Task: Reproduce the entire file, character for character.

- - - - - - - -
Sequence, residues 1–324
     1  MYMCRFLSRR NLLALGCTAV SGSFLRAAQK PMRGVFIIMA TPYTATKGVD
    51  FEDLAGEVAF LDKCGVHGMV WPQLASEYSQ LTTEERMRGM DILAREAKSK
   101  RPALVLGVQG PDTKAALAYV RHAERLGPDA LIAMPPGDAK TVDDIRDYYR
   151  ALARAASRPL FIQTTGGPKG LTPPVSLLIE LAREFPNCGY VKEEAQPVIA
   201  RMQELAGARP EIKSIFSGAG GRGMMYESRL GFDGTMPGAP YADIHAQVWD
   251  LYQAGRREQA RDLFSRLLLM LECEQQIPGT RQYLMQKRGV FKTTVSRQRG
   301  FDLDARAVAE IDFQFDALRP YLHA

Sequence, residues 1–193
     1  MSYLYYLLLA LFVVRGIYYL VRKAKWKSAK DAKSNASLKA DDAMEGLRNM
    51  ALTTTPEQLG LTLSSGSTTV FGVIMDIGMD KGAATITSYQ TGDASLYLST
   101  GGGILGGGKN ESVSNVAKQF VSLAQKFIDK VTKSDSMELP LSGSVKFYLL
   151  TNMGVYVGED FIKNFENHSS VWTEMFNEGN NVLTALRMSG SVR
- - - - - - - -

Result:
Sequence, residues 1–324
     1  MYMCRFLSRR NLLALGCTAV SGSFLRAAQK PMRGVFIIMA TPYTATKGVD
    51  FEDLAGEVAF LDKCGVHGMV WPQLASEYSQ LTTEERMRGM DILAREAKSK
   101  RPALVLGVQG PDTKAALAYV RHAERLGPDA LIAMPPGDAK TVDDIRDYYR
   151  ALARAASRPL FIQTTGGPKG LTPPVSLLIE LAREFPNCGY VKEEAQPVIA
   201  RMQELAGARP EIKSIFSGAG GRGMMYESRL GFDGTMPGAP YADIHAQVWD
   251  LYQAGRREQA RDLFSRLLLM LECEQQIPGT RQYLMQKRGV FKTTVSRQRG
   301  FDLDARAVAE IDFQFDALRP YLHA

Sequence, residues 1–193
     1  MSYLYYLLLA LFVVRGIYYL VRKAKWKSAK DAKSNASLKA DDAMEGLRNM
    51  ALTTTPEQLG LTLSSGSTTV FGVIMDIGMD KGAATITSYQ TGDASLYLST
   101  GGGILGGGKN ESVSNVAKQF VSLAQKFIDK VTKSDSMELP LSGSVKFYLL
   151  TNMGVYVGED FIKNFENHSS VWTEMFNEGN NVLTALRMSG SVR